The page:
About a million travelers enter the United States every day. You might be familiar with the process. Regardless of citizenship, people who legally enter the U.S. face some sort of screening by Customs and Border Protection. But exactly what rights do people have at the borders? And when searching for drugs or contraband, is the government also allowed to look through the data on people's phones or laptops?

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Law
5:25 pm
Sun January 5, 2014

Some Women Decide Their Place Isn't In The Illegal Gun Trade

Most gun crimes are committed by men, but women also help buy, hide and sell guns for others.
iStockphoto

Originally published on Mon January 6, 2014 9:28 am

Most firearms in the U.S. start out in a state of perfect legality, sold by a manufacturer to a federally licensed dealer. But somewhere along the way, some of them cross the line and become what are called "crime guns."

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Around the Nation
5:25 pm
Sun January 5, 2014

Dad's Message Recorded At War, A Gift Given Decades Later

Margaret Ann Wolf Harris with her mother and father, who was home on furlough. He died in World War II a short time later.
Courtesy of Margaret Ann Wolf Harris

Originally published on Sun January 5, 2014 6:55 pm

At 71, Margaret Ann Wolf Harris heard her father's voice for the first time in her adult life.

Her dad, Sgt. Cody Wolf, died in World War II when his plane was shot down over Germany on Jan. 11, 1944. But a couple of weeks before his death, he contributed to a Christmas broadcast, produced by war correspondents of the Maryland newspaper The Baltimore Sun.

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History
5:25 pm
Sun January 5, 2014

WWII Female Air Force Pilots Still Flying High

Originally published on Sat January 11, 2014 1:07 pm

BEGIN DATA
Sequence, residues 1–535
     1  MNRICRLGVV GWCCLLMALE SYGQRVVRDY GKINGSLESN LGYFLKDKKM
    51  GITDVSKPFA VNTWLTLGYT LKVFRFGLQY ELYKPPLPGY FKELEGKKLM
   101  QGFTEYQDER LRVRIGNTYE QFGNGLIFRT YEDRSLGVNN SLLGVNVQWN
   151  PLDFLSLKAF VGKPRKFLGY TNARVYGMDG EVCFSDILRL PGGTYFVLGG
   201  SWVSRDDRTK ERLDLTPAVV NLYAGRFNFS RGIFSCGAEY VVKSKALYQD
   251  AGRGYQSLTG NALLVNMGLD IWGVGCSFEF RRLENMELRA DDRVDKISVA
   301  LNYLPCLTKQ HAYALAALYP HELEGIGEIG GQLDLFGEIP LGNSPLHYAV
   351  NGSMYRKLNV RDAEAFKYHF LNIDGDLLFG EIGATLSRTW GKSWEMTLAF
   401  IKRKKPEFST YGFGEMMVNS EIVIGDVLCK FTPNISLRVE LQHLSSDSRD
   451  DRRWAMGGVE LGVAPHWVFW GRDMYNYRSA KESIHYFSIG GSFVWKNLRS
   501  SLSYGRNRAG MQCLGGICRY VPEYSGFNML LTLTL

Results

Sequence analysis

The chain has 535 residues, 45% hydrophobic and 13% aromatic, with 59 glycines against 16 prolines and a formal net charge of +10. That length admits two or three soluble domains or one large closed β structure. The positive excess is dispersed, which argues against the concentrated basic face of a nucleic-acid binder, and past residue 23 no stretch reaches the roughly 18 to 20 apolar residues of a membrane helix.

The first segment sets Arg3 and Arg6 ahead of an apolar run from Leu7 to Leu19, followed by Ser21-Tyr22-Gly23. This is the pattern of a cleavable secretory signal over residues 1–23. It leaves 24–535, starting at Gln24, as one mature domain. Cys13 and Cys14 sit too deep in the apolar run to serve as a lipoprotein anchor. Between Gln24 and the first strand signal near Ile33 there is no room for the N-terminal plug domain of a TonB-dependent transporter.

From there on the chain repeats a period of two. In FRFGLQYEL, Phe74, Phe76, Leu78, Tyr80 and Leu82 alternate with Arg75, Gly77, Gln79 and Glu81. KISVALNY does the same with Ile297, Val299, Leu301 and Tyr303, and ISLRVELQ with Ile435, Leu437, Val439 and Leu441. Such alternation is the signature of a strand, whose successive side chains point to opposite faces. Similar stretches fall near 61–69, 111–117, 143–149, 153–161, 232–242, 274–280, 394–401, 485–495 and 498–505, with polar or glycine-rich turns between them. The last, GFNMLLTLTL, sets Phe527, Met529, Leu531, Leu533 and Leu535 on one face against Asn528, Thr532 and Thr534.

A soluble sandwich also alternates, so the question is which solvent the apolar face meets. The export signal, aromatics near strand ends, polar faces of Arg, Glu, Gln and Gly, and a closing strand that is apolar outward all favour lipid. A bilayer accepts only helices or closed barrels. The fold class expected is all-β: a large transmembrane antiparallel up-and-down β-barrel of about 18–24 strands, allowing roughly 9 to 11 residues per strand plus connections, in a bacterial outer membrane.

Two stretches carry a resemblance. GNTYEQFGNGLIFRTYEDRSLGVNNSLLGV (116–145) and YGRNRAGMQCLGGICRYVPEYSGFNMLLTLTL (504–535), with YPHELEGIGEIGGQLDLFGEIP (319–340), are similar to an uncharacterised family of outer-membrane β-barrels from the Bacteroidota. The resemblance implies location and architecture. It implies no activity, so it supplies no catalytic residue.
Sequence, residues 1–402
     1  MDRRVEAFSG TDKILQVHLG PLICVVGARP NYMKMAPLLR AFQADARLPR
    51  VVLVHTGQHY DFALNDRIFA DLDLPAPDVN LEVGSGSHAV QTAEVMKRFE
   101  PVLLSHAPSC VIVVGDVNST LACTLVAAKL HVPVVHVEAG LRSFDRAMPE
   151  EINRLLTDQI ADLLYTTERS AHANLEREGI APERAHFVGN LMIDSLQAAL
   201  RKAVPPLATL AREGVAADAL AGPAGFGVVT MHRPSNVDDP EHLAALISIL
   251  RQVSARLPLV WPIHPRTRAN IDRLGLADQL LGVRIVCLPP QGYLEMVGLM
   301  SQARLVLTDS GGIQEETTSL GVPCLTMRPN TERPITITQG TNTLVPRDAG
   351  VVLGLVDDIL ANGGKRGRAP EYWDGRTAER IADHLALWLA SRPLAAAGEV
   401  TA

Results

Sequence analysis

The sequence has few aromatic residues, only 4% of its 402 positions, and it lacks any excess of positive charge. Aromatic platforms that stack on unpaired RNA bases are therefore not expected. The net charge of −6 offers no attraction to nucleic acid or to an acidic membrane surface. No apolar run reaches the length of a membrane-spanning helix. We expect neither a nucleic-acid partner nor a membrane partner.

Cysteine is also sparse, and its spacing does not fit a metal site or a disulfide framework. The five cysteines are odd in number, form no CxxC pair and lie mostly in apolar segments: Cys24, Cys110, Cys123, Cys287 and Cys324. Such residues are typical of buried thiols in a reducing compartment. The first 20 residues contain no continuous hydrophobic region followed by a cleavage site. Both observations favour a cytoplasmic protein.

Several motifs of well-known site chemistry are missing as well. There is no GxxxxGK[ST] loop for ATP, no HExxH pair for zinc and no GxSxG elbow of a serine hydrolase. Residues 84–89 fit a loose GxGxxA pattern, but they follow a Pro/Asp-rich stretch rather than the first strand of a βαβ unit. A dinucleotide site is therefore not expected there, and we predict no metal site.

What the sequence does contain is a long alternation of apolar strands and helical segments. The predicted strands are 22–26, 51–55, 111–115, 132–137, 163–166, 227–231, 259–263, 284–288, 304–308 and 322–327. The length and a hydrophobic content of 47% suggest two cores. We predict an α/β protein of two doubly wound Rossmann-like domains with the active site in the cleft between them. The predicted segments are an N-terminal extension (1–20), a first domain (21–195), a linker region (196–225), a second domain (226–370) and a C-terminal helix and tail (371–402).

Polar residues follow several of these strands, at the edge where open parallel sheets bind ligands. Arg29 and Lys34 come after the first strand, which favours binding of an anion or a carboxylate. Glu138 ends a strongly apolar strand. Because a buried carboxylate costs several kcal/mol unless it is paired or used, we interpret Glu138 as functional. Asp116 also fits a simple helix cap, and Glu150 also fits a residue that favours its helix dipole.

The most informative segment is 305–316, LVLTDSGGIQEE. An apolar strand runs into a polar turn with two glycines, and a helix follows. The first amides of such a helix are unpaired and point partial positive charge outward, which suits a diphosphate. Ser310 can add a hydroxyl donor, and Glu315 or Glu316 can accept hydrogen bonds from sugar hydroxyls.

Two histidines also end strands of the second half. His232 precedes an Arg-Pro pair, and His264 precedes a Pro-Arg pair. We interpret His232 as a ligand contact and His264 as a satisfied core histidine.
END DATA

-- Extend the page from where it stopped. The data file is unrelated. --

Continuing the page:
Transcript

ARUN RATH, HOST:

It's ALL THINGS CONSIDERED from NPR West. I'm Arun Rath.

During World War II, a group of women took a bold step in aviation. While male pilots were sent overseas, the Women Air Force Service Pilots took up the war effort on the home front. From 1943 to 1944, they logged over 60 million miles across the U.S., flying 77 types of military aircraft to haul supplies and conduct training exercises.

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Books
5:25 pm
Sun January 5, 2014

Upcoming Books To Read In 2014

Originally published on Sun January 5, 2014 6:55 pm

NPR's Arun Rath talks to Daniel Alarcon, the author of At Night We Walk in Circles, about the new books he is most excited about for 2014.

Sports
5:25 pm
Sun January 5, 2014

Costs Climb As Sochi Winter Olympics Approaches

Originally published on Sun January 5, 2014 6:55 pm

Transcript

ARUN RATH, HOST:

It's ALL THINGS CONSIDERED from NPR West. I'm Arun Rath.

Russia is spending $51 billion on the Sochi Winter Olympics, the most expensive Olympic Games ever by a wide margin. The preparations have not gone smoothly. Construction has been delayed repeatedly and marred by accusations of political corruption. The outlandish price tag for the games has turned into an embarrassment for Russian officials.

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Television
5:25 pm
Sun January 5, 2014

In High-Drama Parody, Will Ferrell Reveals 'Spoils Of Babylon'

Cynthia and Devon Morehouse, played by Kristen Wiig and Tobey Maguire, are caught up in a passionate romance in the IFC miniseries The Spoils of Babylon. Oh, but they're not married: They're sister and (adopted) brother, the central figures in a bizarro salute to '80s melodramas like The Thorn Birds.
Katrina Marcinowski IFC

Originally published on Sun January 5, 2014 6:55 pm

In The Spoils of Babylon, Will Ferrell plays a "nonexistent author of a nonexistent best-seller." His book, written in the 1970s, was supposedly made into a television miniseries that never saw the light of day — until now.

The story begins in the 1930s, and spans about 50 years, following the powerful Morehouse family.

The series is a parody of the big, bloated miniseries of the 1970s and '80s (like The Thorn Birds or The Winds of War), filled with family drama in a changing America.

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The Salt
2:32 pm
Sun January 5, 2014

In Sao Paulo, Organic Markets Are Beginning To Take Off

As demand for organic food in Brazil rises, organic produce is getting more affordable.
Paula Moura for NPR

Sao Paulo holds the title of the biggest city in Latin America, with an estimated 22 million people in its metropolitan area. But when it comes to local, organic food, the pickings are pretty slim: The city has just 20 organic farmers' markets.